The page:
• Investment action plan You must have a systematic method of investing in order to beat the ravages of time and inflation.
  • Invest with a mind to save tax Utilize all the tax planning strategies available with the government’s registered accounts.
  • Invest for wealth creation If you have five or more years left you must invest if you haven’t reached your necessary accumulation from which to draw an income. Seek investment advice from a professional advisor.
  • Invest for wealth preservation Once you have accumulated your nest egg, develop strategies to protect against losing capital, yet remain invested in suitable vehicles for your age. The following graph will denote how much money is necessary for a prolonged period of time in retirement.
  • Get good investment counsel Here is the need to use a financial advisor who daily works in the realm of financial calculations while looking at your future income needs. An advisor will review your plans and investment performance periodically to help keep you on track.

Successful people delegate, so can you

Dr. Levitin points out that “successful people – or people who can afford it – employ layers of people whose job it is to narrow the attentional filter. That is, corporate heads, political leaders, spoiled movie stars, and others whose time and attention are especially valuable have a staff of people around them who are effectively extensions of their own brains, replicating the functions of the prefrontal cortex’s attentional filter”.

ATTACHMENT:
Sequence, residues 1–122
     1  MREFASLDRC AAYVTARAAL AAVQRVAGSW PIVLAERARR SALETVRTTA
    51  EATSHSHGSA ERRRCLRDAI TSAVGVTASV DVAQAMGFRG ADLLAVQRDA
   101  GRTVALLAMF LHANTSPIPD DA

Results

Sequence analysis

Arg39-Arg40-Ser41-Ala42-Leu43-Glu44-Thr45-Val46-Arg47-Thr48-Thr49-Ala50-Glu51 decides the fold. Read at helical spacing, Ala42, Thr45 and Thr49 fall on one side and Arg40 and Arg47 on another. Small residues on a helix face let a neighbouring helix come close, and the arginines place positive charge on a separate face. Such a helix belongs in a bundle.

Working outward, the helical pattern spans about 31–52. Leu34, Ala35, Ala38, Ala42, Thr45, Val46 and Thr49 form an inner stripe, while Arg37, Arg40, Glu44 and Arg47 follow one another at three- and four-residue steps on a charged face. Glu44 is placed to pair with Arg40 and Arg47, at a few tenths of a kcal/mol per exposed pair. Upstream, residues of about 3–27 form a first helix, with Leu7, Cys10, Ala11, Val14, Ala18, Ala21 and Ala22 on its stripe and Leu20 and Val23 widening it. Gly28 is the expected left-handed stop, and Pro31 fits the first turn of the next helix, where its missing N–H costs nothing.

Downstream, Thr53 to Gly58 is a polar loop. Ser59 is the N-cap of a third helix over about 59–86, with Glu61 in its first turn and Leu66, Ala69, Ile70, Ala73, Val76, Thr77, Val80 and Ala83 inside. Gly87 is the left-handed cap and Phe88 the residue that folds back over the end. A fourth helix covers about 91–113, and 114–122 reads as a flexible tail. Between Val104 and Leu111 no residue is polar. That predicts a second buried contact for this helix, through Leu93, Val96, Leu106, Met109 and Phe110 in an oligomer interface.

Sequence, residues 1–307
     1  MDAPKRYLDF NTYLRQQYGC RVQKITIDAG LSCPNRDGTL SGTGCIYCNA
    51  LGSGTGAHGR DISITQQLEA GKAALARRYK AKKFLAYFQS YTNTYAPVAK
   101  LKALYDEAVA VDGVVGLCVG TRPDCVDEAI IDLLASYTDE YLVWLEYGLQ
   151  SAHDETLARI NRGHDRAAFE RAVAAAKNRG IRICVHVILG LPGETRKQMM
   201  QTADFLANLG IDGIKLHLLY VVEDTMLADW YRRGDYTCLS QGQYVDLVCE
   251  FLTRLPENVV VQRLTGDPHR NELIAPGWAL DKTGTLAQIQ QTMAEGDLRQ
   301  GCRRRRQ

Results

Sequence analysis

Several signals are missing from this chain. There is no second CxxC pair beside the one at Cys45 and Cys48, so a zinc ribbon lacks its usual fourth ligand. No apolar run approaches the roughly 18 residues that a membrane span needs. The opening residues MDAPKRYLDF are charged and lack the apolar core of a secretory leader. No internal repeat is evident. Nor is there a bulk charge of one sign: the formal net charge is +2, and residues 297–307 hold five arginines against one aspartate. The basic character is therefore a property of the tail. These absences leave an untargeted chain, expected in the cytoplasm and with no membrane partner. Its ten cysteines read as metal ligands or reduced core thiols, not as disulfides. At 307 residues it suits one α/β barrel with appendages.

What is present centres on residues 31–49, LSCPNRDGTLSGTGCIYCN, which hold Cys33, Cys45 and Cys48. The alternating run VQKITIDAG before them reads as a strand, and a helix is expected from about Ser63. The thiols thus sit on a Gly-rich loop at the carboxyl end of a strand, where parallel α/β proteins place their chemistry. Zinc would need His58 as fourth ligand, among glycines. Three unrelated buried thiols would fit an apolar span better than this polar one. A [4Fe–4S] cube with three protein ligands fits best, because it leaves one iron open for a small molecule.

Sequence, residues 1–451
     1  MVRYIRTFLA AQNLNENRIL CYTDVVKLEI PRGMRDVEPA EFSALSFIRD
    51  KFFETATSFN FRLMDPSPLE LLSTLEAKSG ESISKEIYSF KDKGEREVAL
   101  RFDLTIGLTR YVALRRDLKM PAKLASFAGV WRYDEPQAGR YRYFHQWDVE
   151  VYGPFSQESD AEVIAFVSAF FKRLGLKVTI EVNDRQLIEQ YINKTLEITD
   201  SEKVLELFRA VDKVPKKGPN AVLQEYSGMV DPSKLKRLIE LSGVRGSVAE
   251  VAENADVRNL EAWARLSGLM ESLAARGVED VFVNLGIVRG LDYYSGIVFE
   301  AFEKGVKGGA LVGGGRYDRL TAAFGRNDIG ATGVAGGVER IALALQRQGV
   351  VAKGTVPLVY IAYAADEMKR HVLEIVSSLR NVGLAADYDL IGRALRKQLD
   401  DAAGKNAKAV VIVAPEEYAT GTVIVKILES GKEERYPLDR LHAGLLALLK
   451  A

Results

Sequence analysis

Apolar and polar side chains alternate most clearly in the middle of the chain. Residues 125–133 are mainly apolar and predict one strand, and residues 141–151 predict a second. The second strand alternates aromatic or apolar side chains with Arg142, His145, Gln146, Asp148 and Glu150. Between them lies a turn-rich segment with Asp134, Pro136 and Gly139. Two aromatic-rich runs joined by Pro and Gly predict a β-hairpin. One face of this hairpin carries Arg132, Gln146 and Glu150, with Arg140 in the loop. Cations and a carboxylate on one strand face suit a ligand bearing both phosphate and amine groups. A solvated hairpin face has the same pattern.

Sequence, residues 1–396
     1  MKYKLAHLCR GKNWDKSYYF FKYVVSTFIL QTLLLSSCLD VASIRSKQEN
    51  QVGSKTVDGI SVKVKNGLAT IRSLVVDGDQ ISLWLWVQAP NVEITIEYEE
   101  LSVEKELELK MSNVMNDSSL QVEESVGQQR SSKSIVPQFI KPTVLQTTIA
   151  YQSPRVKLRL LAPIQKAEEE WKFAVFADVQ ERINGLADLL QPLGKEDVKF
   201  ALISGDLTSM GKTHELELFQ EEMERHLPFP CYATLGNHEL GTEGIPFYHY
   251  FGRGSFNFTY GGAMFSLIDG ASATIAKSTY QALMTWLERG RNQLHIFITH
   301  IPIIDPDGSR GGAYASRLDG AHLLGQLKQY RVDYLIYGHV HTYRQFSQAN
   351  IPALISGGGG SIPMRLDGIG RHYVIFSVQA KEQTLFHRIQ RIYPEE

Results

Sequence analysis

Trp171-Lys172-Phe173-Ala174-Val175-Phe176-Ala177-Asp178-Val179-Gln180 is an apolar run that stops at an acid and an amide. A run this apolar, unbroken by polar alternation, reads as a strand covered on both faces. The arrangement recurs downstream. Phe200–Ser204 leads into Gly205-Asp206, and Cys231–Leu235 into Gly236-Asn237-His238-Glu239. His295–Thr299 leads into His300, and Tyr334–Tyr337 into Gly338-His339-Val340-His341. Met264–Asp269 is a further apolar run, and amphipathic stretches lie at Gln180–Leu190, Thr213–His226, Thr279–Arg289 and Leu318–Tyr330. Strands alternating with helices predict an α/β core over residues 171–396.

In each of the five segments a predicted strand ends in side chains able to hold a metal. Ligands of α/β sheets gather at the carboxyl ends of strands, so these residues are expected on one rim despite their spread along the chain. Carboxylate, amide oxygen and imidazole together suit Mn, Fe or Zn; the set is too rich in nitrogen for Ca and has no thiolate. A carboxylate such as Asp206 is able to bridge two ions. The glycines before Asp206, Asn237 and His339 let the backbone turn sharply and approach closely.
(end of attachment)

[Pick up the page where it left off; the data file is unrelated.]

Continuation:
In the same way, in order to be successful at retirement planning you may need to engage the help of a professional advisor, someone who often does not charge for his or her services (some advisors are paid via other means), as well as fund specialists and/or investment managers trained to help you achieve financial success.

An advisor can help organize and govern your finances

Again, the logic of The Organized Mind, when applied to finance is simply to get financial guidance – applying the resources of fiscal counsel available. Levitin summarizes this concept of getting someone to handle the daily distractions of life – and unfortunately many view financial organization as a distraction lumped in with all the other media distractions, when it comes down to getting through a basic day, month, or year! Little wonder most people procrastinate when it comes to their finances.

These highly successful persons–let’s call them HSP–have many of the daily distractions of life handled for them, allowing them to devote all of their attention to whatever is immediately before them. Daniel J. Levitan Ph. D. – The Organized Mind -published by Allen Lane

We all want to be successful in our career and workplace as well as in our investment planning. Why not talk to your financial advisor about implementing an organized financial plan – bearing some of the burden to help you get on track – after you study the graph below depicting the capital needed on which to retire. And ask yourself, “is it time that I get help?”

CHART - Capital Needed to Provide Before-Tax Monthly Income

Graph Source: Adviceon